Bingham v. Bingham

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575 P.2d 703 (1978)

Vicki L. BINGHAM, Plaintiff and Appellant, v. Vernal Carl BINGHAM, Defendant and Respondent.

No. 15228.

Supreme Court of Utah.

February 10, 1978.

Brian R. Florence of Florence & Hutchison, Ogden, for plaintiff and appellant.

Michael D. Lyon, Ogden, for defendant and respondent.

CROCKETT, Justice:

Plaintiff Vicki Bingham appeals from an order made in proceedings supplemental to *704 divorce which changed the custody of their 7 year-old son from her to the defendant Vernal Bingham.

The plaintiff grounds her attack upon the order on the rule to which we agree as a general proposition: that it is presumed to be for the best interest and welfare of a child of tender years to be with his mother. However, under the modern trend of social thinking away from former fixed rigidities, toward equality of the sexes and greater flexibility in considering the qualifications of the parents on an individual basis, that presumption is subordinate to the higher rule that the paramount concern in such cases is the best interest and welfare of the child.[1]

As to be expected in such cases, the parties each presented evidence as to the favorable aspects of their own qualifications and home conditions being the best environment for their son; and conversely those things which would detract therefrom in the other. In addition to the evidence presented, they stipulated that the court should have the benefit of a home investigation and evaluation by an officer of the juvenile court; and also that the court interview the boy.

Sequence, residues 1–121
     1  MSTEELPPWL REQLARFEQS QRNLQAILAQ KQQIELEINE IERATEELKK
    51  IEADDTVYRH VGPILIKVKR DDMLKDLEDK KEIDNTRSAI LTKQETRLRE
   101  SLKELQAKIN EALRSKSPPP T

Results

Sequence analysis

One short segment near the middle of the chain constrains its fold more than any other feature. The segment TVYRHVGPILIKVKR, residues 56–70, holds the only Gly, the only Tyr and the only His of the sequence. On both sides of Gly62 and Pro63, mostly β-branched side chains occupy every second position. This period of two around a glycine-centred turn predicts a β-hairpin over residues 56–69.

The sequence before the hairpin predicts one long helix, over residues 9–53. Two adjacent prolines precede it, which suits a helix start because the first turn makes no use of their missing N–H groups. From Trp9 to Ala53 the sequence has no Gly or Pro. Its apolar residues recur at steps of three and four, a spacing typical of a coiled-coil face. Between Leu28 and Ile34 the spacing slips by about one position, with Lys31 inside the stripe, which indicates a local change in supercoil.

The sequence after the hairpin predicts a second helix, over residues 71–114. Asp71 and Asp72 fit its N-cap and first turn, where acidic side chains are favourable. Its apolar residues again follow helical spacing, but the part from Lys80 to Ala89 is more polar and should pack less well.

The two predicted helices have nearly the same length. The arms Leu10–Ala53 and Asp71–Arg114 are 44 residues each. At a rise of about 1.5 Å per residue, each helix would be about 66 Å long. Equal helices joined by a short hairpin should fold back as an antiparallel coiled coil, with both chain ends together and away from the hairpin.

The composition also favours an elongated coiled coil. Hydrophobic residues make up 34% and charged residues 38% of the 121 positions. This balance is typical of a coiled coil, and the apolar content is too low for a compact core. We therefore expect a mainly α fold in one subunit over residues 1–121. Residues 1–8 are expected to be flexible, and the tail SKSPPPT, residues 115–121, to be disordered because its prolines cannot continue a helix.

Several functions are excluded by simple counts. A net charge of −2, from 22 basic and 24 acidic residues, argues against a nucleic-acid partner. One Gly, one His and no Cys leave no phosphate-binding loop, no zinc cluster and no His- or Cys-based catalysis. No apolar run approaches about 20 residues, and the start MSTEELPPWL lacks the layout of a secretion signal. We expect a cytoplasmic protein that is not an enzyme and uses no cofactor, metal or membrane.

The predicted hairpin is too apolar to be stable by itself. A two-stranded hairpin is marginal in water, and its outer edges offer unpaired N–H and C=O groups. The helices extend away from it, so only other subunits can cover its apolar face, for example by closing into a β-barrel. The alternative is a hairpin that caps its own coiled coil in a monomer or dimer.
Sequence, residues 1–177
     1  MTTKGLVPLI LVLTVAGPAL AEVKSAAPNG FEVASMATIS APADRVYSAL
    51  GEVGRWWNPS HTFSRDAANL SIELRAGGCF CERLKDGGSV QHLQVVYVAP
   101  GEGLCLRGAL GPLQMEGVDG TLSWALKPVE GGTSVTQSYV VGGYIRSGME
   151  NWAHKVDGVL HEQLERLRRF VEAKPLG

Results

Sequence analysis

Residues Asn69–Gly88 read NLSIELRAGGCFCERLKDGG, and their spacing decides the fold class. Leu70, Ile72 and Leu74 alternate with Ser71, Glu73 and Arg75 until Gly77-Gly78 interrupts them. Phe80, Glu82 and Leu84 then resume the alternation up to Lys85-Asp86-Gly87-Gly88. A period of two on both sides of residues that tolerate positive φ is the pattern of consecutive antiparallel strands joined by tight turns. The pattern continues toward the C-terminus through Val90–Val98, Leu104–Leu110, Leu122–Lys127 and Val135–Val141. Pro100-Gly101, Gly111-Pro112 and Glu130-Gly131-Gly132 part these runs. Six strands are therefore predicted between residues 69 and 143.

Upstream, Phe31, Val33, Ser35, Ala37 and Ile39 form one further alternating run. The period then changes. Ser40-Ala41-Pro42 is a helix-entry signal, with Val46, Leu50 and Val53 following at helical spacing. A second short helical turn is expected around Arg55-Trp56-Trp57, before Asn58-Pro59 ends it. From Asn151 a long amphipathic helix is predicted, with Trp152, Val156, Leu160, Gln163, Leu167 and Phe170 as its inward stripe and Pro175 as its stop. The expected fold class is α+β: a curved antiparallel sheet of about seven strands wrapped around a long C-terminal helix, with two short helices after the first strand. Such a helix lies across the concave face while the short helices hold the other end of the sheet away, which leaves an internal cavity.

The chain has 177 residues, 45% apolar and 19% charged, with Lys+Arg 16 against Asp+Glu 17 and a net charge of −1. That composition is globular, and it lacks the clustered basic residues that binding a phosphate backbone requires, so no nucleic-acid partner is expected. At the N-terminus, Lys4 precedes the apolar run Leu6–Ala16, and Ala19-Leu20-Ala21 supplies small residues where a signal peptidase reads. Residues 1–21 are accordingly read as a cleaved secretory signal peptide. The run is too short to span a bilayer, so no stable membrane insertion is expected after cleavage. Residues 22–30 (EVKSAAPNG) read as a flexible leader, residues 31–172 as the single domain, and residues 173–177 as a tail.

It was upon the basis of all the foregoing, which included the somewhat extensive report, that the trial court based his findings and decision.

In the best interest of all concerned, we think it unnecessary and inadvisable to set forth herein the detail of the evidence. It seems sufficient to say that upon the basis thereof the trial court was amply justified in the findings and the conclusion he arrived at in awarding the custody of the child to the father, but with what impresses us as fair and liberal visitation privileges of the mother, including two evenings each week, two weekends each month and one month during summer vacation.

This further observation is also pertinent. If there should be any misjudgment as to the best interest and welfare of this child in the placement made, there is the safety factor that an award of custody of a minor child as between spouses is not necessarily permanent.[2] Upon the passage of a sufficient period of time to determine how the present program works out, if it appears not to be for the best advantage and welfare of the child and the parties, the court has continuing jurisdiction to re-examine and make any subsequent modifications or changes that may seem to be in their best interests and welfare.[3]

Inasmuch as the evidence does not clearly preponderate against the findings and order of the trial court, as would be required for reversal,[4] but on the contrary seem to clearly preponderate in favor of those findings, the order made is well within the prerogatives of the trial court in such matters.[5]

Affirmed. No costs awarded.

ELLETT, C.J., and MAUGHAN, WILKINS, and HALL, JJ., concur.


[1] The case of Mecham v. Mecham, Utah, 544 P.2d 479 (1975), by District Judge H. Maurice Harding, is an artfully written and well-reasoned decision which is applicable to the problem here.

[2] U.C.A. 1953, Section 30-3-5, provides: When a decree of divorce is made, ... . The court shall have continuing jurisdiction to make such subsequent changes or new orders with respect to ... the custody of the children ... as shall be reasonable and necessary.

[3] See footnote 1 above.

[4] That such is the rule of review in equity cases, see Wiese v. Wiese, 24 Utah 2d 236, 469 P.2d 504; Barker v. Dunham, 9 Utah 2d 244, 342 P.2d 867.

[5] Rice v. Rice, Utah 564 P.2d 305 (1977).

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